Inspiring Collaboration with Software Engineering Guilds
As Usabilla grows, we’re far from unique in facing the many challenges of a scaling software company. In order for us to continue our fast pace of innovation, we’ve borrowed many of the strategies outlined by Spotify back in 2014 when they were at a similar stage. One such concept is that of “guilds”.
The idea is that when you have effective, autonomous teams driven by product delivery goals, you need a healthy tension between that and a drive for technical excellence and quality. That drive comes from a guild – in our case, a cross-team and department group of people centered on a particular technical area.
Img src: Henrik Kniberg
Guilds inspire collaboration and learning through regular knowledge sharing sessions, interacting with the wider community, and working on cross-team technical debt and other projects.
To kick off the creation of the front-end development guild, many of us were lucky enough to attend the fantastic JSConfEU 2017. There were a few themes that stood out over the two days.
It was really awesome to see so many people talking about the speed of the web – from both a human perspective and a technical one.
For instance, Ben Schwarz from Calibre raised some really good points about the www as we know it – what he called the “wealthy western web”. So many of the world’s websites are built by teams on expensive computers connected to high-speed internet, which creates a terrible experience for those who do not have access to these privileges – like the majority of the 108 million people that became new internet users in India in 2016. The reason that the internet had such a transformational impact on the world was that it was opened to everyone, and it’s so essential that we continue to honor that concept.
There were also several talks on accessibility – referring to the technical and design strategies that allow people with disabilities or changing abilities (for instance someone with a broken arm who has to use a keyboard) to access the web.
Laura Carvajal from the Financial Times shared with us her story about making their website accessible, including a really eye-opening video from the Digital Accessibility Centre in London of their experts reviewing the site. They implemented some great tools such as Pa11y but she also emphasized that this will only get you part of the way and that there’s a difference between something that meets the Web Content Accessibility Guidelines and something that actually provides a fair and enjoyable experience for those with disabilities.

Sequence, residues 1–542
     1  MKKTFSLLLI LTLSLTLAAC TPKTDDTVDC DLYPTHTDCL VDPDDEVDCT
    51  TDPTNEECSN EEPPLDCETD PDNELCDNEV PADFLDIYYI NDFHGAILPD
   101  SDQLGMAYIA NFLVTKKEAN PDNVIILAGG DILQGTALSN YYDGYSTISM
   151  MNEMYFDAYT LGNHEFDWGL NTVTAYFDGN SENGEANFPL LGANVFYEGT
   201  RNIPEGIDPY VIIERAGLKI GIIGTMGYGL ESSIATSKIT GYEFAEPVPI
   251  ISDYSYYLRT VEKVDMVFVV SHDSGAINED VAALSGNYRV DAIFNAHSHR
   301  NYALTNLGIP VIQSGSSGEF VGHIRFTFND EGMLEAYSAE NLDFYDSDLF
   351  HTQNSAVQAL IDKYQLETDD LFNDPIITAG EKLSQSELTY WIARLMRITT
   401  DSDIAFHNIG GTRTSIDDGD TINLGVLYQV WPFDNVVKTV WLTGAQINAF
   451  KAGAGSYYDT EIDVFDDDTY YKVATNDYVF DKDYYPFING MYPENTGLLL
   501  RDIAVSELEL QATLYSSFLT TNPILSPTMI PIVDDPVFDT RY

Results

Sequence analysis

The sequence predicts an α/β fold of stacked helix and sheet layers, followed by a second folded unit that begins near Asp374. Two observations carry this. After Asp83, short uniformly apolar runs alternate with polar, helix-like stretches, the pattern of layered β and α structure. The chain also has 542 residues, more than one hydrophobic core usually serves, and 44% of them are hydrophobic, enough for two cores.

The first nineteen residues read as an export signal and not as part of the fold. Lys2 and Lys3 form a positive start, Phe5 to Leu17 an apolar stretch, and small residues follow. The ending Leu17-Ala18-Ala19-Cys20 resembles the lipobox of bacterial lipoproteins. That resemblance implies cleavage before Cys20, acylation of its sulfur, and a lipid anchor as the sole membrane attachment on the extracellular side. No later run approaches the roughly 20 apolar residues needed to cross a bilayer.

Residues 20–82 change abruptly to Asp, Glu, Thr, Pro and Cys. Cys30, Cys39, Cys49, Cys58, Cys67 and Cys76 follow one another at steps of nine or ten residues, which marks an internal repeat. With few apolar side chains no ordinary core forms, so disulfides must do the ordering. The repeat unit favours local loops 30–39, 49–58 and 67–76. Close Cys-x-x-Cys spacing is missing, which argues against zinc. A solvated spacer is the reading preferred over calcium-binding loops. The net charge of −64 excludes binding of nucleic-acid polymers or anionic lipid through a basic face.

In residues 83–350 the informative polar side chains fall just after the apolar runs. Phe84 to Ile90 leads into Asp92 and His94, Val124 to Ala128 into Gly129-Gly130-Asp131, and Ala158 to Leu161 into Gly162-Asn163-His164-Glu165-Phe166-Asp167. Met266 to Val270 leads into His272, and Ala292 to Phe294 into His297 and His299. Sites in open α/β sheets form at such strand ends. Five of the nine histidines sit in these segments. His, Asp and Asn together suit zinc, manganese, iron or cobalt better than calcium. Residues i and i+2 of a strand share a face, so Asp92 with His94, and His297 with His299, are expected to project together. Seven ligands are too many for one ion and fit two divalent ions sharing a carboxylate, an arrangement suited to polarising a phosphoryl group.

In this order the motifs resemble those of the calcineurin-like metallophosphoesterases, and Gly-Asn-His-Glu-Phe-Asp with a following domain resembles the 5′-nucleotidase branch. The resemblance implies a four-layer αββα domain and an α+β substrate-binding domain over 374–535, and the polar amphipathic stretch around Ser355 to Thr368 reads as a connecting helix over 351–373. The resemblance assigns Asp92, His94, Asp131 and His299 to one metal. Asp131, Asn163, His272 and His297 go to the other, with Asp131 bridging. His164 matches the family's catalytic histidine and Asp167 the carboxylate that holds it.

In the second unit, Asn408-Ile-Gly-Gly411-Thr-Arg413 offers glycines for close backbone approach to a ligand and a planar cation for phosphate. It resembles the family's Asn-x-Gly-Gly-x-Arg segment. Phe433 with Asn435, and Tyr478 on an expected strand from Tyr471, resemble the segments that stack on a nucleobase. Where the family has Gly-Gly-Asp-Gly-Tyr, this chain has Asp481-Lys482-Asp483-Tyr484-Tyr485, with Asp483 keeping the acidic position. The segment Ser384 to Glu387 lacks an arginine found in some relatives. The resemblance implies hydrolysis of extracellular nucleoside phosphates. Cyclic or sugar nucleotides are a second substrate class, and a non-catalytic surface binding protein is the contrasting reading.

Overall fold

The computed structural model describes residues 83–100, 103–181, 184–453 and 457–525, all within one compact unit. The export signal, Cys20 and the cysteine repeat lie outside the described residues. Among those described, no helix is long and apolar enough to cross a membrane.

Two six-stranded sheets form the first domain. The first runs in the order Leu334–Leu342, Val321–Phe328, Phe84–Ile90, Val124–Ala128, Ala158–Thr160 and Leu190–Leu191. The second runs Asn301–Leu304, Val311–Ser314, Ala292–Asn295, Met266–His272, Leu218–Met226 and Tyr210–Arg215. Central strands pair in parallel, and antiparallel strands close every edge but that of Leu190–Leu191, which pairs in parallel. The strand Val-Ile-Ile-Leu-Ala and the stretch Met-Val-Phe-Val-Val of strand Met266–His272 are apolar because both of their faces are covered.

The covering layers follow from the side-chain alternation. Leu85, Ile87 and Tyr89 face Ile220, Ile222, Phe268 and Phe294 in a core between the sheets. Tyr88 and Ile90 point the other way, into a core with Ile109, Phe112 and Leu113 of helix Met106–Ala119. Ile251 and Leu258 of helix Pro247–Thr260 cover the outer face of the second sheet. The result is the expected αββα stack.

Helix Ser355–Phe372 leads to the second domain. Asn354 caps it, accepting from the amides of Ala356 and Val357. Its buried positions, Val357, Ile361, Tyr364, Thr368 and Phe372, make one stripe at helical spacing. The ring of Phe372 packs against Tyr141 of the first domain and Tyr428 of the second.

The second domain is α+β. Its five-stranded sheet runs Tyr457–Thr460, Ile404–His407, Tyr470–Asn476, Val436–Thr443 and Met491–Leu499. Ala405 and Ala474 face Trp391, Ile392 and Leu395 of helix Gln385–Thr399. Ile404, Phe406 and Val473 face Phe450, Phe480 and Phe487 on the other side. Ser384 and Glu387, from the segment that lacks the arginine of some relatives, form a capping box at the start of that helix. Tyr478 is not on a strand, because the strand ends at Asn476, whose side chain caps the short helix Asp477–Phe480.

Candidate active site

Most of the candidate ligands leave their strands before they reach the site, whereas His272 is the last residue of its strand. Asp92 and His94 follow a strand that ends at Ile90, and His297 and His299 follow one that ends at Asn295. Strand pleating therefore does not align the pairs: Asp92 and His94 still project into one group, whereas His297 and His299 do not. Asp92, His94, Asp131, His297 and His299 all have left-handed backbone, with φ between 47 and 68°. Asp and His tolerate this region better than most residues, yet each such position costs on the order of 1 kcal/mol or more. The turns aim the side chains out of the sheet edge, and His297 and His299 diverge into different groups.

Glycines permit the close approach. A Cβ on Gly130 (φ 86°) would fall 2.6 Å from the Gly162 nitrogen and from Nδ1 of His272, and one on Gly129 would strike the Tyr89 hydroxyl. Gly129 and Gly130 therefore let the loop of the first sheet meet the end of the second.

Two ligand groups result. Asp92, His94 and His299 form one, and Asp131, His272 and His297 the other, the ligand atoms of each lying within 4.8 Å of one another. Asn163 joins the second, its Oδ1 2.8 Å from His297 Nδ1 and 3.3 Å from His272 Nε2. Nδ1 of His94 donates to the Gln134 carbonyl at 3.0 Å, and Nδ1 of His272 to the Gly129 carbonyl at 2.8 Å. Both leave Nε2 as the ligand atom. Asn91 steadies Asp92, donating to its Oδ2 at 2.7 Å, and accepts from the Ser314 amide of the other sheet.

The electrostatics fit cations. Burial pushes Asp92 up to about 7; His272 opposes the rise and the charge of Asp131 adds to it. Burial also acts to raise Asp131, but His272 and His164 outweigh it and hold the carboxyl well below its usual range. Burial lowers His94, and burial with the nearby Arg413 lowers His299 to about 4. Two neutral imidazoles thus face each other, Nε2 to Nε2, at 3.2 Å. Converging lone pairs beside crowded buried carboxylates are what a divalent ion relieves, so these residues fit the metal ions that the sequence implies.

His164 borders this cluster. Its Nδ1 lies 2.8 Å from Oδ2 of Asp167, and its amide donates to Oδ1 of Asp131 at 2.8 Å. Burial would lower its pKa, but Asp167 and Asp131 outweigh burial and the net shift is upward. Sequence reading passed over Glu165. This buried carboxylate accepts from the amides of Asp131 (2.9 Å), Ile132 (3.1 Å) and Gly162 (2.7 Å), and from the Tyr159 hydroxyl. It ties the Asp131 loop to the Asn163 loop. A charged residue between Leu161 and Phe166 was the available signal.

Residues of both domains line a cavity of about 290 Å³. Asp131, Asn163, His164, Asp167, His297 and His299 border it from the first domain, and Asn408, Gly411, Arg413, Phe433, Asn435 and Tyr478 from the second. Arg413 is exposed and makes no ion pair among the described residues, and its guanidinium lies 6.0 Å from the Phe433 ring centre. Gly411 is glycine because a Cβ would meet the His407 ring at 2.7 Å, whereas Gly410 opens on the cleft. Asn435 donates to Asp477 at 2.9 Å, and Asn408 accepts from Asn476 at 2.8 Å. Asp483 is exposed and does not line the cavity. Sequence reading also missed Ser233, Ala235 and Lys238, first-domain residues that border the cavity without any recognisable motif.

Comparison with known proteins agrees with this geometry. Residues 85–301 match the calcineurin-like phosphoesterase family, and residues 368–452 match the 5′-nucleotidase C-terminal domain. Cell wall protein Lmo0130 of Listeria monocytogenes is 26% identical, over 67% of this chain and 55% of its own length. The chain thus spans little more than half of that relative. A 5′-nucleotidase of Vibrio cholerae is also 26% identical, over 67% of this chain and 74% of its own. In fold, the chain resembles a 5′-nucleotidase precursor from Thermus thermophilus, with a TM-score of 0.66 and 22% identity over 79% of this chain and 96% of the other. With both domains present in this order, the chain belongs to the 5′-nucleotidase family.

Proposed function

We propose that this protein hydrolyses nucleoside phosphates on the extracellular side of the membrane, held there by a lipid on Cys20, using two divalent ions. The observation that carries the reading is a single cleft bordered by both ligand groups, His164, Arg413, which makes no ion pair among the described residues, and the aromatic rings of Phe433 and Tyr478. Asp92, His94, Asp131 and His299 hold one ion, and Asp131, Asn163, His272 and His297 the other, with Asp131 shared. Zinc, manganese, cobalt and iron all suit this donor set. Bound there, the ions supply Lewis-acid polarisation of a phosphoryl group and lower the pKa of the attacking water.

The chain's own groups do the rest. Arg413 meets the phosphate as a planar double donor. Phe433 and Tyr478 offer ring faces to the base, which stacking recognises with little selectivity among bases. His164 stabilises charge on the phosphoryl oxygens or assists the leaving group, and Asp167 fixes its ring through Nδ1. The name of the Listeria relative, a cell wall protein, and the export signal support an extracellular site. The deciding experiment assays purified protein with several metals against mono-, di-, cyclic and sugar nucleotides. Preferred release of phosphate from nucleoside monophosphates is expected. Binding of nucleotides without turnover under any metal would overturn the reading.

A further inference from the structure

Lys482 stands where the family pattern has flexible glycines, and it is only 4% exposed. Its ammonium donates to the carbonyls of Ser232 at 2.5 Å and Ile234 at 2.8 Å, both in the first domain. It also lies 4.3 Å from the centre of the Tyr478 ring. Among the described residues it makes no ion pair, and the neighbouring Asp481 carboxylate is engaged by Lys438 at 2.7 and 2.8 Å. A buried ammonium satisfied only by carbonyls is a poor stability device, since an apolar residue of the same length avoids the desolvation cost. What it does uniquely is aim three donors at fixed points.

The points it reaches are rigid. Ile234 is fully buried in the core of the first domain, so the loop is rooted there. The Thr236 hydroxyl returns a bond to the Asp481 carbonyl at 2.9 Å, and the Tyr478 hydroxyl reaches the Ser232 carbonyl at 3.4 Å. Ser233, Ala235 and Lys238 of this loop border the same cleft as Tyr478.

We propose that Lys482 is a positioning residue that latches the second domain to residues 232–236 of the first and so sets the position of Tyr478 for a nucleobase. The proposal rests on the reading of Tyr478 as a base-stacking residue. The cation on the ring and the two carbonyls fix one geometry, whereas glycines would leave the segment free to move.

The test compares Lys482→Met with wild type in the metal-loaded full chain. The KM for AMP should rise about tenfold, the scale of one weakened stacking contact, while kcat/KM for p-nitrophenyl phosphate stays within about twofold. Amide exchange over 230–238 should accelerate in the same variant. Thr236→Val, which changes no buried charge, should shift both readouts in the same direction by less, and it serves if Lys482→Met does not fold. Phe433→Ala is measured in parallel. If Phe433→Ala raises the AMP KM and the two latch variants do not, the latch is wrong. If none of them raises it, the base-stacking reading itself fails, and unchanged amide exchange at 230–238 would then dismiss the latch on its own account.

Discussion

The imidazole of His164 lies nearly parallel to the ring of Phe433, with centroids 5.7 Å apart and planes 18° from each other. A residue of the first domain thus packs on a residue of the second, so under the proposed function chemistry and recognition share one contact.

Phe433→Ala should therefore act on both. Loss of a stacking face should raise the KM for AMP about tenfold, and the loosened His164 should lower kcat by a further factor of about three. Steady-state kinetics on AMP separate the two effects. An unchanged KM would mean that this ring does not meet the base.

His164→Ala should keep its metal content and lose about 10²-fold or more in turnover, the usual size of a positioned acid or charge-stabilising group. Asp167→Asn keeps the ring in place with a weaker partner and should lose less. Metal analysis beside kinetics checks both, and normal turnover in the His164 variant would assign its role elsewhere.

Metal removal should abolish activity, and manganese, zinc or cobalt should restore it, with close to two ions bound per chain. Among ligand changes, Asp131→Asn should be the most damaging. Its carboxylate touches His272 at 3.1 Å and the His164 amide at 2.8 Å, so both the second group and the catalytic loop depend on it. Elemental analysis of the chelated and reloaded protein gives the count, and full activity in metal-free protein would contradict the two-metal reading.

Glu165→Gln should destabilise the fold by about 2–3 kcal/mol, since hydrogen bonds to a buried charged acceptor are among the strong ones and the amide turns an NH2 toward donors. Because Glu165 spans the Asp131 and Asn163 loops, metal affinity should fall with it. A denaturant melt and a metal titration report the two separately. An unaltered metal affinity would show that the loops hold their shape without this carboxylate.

Laura’s talk also featured a fantastic one-liner – “Diversity improves your product, your team, you”. She was, of course, referring to diversity from a perspective of accessibility, but this was a thread that ran throughout the conference.
The organizers did such a fantastic job of having diverse speakers, gender-neutral bathrooms, an inclusive photo policy, live transcription, childcare/nursing rooms, and (delicious) vegetarian, healthy meals. This really stood out to us as our team prides itself on our diversity – every one of us at JSConf came from a different country or cultural background, and almost half of us were female which is rare on a technical team.
There are always ways in which we can improve but the effect that this has on our team is noticeable – we have an amazing supportive culture which, in the end, also improves our product for our end users.
For our feedback solution to be effective, it needs to work for as many diverse users as possible. In fact, the more diverse feedback our customers get, the better informed they are about their websites and businesses. Therefore it only makes sense for our team to be as diverse as our users.
Our first guild session
We continued the momentum of JSConf with a day-long, off-site session where we shared what we had learned at the conference, as well as general topics that we wanted to focus on and improve.
We ran a number of lightning talks, presented by our fellow team members, which were all followed by discussions of how we could implement different ideas at Usabilla. The quality of these talks was incredibly impressive and gave a lot of us greater confidence in public speaking – which we hope to see develop into speaking at more meetups and conferences!
We also ran a number of pair programming exercises to practice and upskill in a few areas that we’d prepared in advance. Topics included test driven development, functional programming, promises, and gitflow. The goal here was to a) learn something, b) teach something, and c) work with someone new.
When we reviewed the session at the end of the day, everyone walked away having achieved these goals. We also left as a closer and more effective team.
Continuing momentum: The next steps
Our workshop session together raised so many juicy ideas that we can’t wait to start implementing them. However, it can be easy for these to fall by the wayside when faced with the everyday work of the team.
So, there are two things that we’ve implemented to keep us on track:
- One is to assign someone the responsibility for organizing each of the guilds – what Spotify calls a guild lead or coordinator.
- The other is assigning a certain amount of time each sprint to holding a guild session.
For us, this is an afternoon at the end of each sprint where we will get together and share knowledge through lightning talks, presentations, pairing exercises, and brainstorming ways in which we can improve the quality of what we do every day.
Wish us luck!